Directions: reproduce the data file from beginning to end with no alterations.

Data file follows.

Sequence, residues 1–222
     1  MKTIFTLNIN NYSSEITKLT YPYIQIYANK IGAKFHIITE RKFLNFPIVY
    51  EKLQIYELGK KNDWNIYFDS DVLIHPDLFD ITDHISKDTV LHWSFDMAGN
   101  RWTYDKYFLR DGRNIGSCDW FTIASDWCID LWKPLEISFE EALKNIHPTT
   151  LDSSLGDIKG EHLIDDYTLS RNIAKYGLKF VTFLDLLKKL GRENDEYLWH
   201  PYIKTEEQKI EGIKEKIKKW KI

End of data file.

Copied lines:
Sequence, residues 1–222
     1  MKTIFTLNIN NYSSEITKLT YPYIQIYANK IGAKFHIITE RKFLNFPIVY
    51  EKLQIYELGK KNDWNIYFDS DVLIHPDLFD ITDHISKDTV LHWSFDMAGN
   101  RWTYDKYFLR DGRNIGSCDW FTIASDWCID LWKPLEISFE EALKNIHPTT
   151  LDSSLGDIKG EHLIDDYTLS RNIAKYGLKF VTFLDLLKKL GRENDEYLWH
   201  PYIKTEEQKI EGIKEKIKKW KI